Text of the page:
Saturday, September 5, 2009

Working with GWT / Spring / Dispatch

The Hive Development blog has a nice tutorial on setting up a Google Web Toolkit app with the Presenter and Dispatcher patterns. This is all based on a nice Google presentation explaining some useful patterns for developing robust app with GWT.

I recommend watching the video first and then reading the hivedevelopment blog article. Read through it and then download the full source code using the link near the top of the page. In the end, it's helpful example starter application for exploring concepts.

Anyways, the framework that you end up with uses Google Guice for server-side dependency injection and the servlet config. I am going to describe how I converted that to use Spring instead, using the GWT-Dispatch-Spring library. Comments are welcome since I am probably not doing things optimally in some places.

Why would you want to do this? I think it is personal preference whether you use Guice or Spring (nice discussion/war going on here). I am fairly new to both so I don't have a personal opinion. In the end of this, you will end up with a project using Guice's ally Gin on the client and Spring on the server, so you can be like Switzerland and remain neutral. ;)

The major steps described here include:

  • Adding the Spring and gwt-dispatch-spring-ext jars to your project
  • Eliminating Guice from your server code
  • Adding the Spring configuration to your server code
  • Switch the client to use the Spring version of the DispatchAsync

Initial Setup

As I mention above, I recommend going through the blog and then downloading the tutorial code. Import the code into Eclipse (File->Import->Existing Projects Into Workspace). Make sure it all builds and that you can run it in the debugger.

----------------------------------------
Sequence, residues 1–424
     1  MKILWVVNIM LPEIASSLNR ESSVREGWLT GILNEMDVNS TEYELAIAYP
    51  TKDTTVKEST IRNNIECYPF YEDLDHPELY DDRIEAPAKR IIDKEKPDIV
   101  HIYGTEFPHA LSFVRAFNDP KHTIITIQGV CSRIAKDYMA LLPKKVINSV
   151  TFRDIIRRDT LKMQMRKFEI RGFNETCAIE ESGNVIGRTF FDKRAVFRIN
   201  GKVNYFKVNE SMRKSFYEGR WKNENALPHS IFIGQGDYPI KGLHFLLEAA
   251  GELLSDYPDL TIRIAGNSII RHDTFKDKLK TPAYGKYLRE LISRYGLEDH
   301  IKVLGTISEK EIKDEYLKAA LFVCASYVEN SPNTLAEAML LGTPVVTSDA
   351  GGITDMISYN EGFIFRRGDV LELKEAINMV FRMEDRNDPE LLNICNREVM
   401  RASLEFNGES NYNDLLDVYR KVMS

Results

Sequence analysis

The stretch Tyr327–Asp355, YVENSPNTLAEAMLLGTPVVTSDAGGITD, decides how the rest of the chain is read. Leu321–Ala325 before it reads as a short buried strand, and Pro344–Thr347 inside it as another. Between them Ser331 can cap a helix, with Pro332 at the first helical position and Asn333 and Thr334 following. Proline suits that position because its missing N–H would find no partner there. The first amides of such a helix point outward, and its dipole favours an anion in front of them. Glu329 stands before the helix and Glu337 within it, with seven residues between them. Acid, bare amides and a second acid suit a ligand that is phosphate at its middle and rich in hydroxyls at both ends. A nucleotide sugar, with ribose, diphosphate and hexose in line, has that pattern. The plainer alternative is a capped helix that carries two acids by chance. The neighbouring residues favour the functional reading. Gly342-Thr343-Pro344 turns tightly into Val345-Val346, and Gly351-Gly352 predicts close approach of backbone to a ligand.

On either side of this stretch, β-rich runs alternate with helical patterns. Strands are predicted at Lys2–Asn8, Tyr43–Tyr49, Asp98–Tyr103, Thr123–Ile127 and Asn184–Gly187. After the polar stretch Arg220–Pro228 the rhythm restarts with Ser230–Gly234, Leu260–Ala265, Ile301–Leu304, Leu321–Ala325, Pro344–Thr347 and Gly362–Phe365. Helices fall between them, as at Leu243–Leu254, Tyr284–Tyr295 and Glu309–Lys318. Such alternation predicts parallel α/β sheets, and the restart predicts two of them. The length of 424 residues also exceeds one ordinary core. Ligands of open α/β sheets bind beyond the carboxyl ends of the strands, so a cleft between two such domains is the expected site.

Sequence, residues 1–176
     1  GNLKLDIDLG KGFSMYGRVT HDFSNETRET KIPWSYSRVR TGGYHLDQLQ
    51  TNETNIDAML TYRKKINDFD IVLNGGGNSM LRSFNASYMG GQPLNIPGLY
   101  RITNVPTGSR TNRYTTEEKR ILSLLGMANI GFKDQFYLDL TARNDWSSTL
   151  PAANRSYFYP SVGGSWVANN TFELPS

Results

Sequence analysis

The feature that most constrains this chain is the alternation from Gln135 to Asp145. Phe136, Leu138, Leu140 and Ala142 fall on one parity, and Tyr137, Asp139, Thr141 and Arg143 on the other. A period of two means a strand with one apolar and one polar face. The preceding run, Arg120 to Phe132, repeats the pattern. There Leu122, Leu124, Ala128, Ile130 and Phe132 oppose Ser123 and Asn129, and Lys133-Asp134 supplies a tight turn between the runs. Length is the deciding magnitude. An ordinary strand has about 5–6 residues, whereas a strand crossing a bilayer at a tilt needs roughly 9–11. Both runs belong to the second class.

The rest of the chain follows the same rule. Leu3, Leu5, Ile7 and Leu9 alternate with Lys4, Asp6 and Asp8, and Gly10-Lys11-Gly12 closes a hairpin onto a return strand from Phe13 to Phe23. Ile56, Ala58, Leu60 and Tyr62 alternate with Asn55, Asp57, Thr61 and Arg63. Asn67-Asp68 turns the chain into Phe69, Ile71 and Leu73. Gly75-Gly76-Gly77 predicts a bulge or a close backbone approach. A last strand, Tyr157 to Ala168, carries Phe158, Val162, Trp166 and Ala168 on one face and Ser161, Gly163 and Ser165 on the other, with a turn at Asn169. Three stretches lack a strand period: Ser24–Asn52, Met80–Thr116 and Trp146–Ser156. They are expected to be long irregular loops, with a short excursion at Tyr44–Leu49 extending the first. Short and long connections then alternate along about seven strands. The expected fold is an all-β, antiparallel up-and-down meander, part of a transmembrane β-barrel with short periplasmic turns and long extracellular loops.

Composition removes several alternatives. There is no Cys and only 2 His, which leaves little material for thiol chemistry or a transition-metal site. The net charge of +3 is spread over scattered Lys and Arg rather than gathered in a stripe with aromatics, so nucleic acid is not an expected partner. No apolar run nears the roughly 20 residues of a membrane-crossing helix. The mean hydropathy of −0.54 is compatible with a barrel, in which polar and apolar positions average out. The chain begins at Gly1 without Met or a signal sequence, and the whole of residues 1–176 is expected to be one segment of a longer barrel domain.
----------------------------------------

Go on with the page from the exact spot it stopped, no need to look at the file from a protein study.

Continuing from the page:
Add Jars

Download the Spring library jars.
Download the gwtrpc-spring library.
Download the GWT-Dispatch-Spring extension library.
Import these jars into the project's war/WEB-INF/lib directory (right-click on the directory, Import->File System):
  • spring-aop-2.0.8.jar
  • spring-beans-2.5.6.jar *
  • spring-context-2.5.6.jar *
  • spring-core-2.5.6.jar
  • spring-security-core-2.0.4.jar
  • spring-web-2.5.6.jar
  • gwtrpc-spring-1.01.jar *
  • gwt-dispatch-spring-ext-1.0.0 *
The jars that I've marked with an asterisk also need to be added to your build path (Right click Referenced Libraries in the package explorer, Build Path->Configure Build Path).

Eliminate Guice from Server Code

Just delete the entire greet.server.guice package.

Configure the Server Code Using Spring

Modify SendGreetingHandler

There are several things we need to do to adapt the SendGreetingHandler to use Spring:
  • All your Handlers will now inherit from SpringActionHandler instead of implementing the ActionHandler interface.
  • To inherit from SpringActionHandler, we need a new constructor since that class requires the ActionHandlerRegistry to be passed in.
  • We need to swap out the Guice annotations and replace them with their Spring counterparts. We use @Autowired instead of @Inject. We also label the class as a @Component.
  • I haven't yet hooked back up the Logging functionality. An exercise for the reader.
  • To get the servlet and http request context, we are using the gwt-spring-rpc library RemoteServiceUtil.
Here is what my class looks like after making these changes:

public class SendGreetingHandler extends SpringActionHandler<SendGreeting, SendGreetingResult> {
 public SendGreetingHandler(ActionHandlerRegistry actionHandlerRegistry) {

 public SendGreetingResult execute(final SendGreeting action,
       final ExecutionContext context) throws ActionException {
  final String name = action.getName();
  try {